Refine by:

Fifth Sunday in Lent

Spirituality of Conflict

Fifth Sunday in Lent

By Trevor Williams

John 12:1–8
  • Themes: Inner Journey Inner Journey
  • Season: Lent

Let’s take a moment to think about gifts
·     What is the most memorable gift you have received?  
·     Why does it stick out in your memory?
·     In giving a gift to someone you love, what is it you hope to convey?
·     What makes a gift appropriate?
·     What makes a gift inappropriate?

By way of background

The writer of John’s Gospel wrote with the intention of leading readers to belief in Jesus as Christ and Son of God.  (John 20.30–31: “But these [signs] are written that you may believe that Jesus is the Messiah, the Son of God, and that by believing you may have life in his name.”)  John is different from the other three (synoptic) Gospels.  It has a high proportion of original material, and the stories that are parallel, often contain more detail and are presented quite differently.  

Today’s reading is a good example.  Mark (14:3–9) and Matthew (26:6–13) tell of a woman who anoints Jesus head with costly perfume, the disciples protest at the ‘waste’, and Jesus rebukes them saying that this is a preparation his body for burial. Luke (7:36–50) tells a different story where a sinful woman anoints Jesus feet.  Jesus contrasts her generosity with the lack of hospitality shown him by Simon his host and Jesus publicly forgives the woman’s sin.

John frequently uses the contrast of opposites in a highly literary style, he loves symbols and signs, appealing to the imagination and empathy of his audience.  The writer of John’s Gospel adapts sources to serve the purpose of bringing readers to faith.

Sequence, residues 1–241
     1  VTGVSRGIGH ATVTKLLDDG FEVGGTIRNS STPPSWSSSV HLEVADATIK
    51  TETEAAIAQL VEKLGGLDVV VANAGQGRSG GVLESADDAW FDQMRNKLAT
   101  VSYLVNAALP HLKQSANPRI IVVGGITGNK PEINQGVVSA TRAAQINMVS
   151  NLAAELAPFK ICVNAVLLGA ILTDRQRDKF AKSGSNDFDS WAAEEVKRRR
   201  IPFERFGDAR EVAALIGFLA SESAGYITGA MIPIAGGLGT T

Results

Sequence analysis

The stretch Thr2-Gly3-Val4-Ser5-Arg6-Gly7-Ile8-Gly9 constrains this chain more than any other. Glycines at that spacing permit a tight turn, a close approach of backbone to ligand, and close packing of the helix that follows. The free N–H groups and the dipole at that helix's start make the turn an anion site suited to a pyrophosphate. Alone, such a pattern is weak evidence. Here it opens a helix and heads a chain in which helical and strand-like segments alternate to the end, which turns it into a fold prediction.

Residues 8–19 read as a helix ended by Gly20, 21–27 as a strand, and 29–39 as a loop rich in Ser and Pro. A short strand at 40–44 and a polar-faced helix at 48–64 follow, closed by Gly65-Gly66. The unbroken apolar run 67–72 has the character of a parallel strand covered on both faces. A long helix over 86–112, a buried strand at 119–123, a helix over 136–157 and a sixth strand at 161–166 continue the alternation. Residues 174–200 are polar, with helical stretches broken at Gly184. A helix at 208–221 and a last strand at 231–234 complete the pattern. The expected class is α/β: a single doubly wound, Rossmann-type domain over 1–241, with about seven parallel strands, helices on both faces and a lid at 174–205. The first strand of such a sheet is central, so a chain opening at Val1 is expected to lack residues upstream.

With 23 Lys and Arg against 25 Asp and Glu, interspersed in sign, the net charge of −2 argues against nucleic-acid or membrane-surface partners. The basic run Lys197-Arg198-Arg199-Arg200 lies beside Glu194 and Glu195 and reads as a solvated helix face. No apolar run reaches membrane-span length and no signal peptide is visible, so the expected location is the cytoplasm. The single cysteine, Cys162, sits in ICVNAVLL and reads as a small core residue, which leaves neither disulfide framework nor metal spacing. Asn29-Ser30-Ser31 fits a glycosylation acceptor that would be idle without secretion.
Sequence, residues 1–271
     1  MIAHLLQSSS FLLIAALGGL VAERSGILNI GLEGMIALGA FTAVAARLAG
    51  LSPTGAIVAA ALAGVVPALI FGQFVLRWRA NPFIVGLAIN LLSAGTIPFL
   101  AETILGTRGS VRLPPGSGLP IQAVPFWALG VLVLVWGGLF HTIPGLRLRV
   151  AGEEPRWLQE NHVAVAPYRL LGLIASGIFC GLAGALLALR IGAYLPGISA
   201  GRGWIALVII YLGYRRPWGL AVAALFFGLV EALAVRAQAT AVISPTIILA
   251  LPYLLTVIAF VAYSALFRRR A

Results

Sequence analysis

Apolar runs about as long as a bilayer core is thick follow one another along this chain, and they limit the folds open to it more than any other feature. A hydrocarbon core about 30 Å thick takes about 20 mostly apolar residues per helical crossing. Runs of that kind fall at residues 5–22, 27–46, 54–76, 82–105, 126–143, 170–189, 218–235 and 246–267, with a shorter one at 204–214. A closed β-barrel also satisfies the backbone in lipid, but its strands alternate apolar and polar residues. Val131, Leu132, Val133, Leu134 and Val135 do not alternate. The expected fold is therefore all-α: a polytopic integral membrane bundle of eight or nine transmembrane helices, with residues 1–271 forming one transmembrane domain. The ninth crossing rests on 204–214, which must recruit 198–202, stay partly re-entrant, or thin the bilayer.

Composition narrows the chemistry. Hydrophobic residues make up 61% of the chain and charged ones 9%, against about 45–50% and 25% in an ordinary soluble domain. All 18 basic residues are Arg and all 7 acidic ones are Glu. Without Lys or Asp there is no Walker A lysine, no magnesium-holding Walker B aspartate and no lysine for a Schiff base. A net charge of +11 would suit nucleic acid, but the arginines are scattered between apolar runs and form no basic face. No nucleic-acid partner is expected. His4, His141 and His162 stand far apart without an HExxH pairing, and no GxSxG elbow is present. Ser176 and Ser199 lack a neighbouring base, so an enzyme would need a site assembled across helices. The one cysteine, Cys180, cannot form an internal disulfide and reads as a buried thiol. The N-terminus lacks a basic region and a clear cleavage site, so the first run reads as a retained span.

So, why has the writer given us this story, in this way?

Gospel Reading for the Day

John 12:1–8

Six days before the Passover Jesus came to Bethany, the home of Lazarus, whom he had raised from the dead. There they gave a dinner for him. Martha served, and Lazarus was one of those at the table with him. Mary took a pound of costly perfume made of pure nard, anointed Jesus’ feet, and wiped them* with her hair. The house was filled with the fragrance of the perfume. But Judas Iscariot, one of his disciples (the one who was about to betray him), said, ‘Why was this perfume not sold for three hundred denarii* and the money given to the poor?’ (He said this not because he cared about the poor, but because he was a thief; he kept the common purse and used to steal what was put into it.) Jesus said, ‘Leave her alone. She bought it* so that she might keep it for the day of my burial. You always have the poor with you, but you do not always have me.’

Comment

At the heart of our reading is an act of anointing an expression of the most extraordinary generosity.  But before considering this amazing gift to Jesus it is worth noting the way John’s Gospel tells the story.

Context

As is typical of John the story is laced with multiple suggestions that fill out the symbolic interpretation.  Firstly, it is ‘six days before the Passover’.  The writer makes it impossible for us not to see that the cross foreshadows this event.  The anointing is a preparation for death – Jesus’ ‘hour has come’. The anointing also expresses John’s Gospel view of the cross as portraying both Jesus’ death and exaltation. Anointing is part of the consecration of a King or Priest, so by this anointing Jesus is declared King and Priest. In John’s telling of the trial of Jesus, the Kingship of Jesus is repeatedly referred to.  Anointing is also used for healing, and as Lazarus was present at the meal, we are reminded that he was brought back to life by Jesus, and in turn this prefigures the resurrection of Jesus.  This is all part of the rich symbolic backdrop to the tapestry whose central subject is Mary’s gift to Jesus.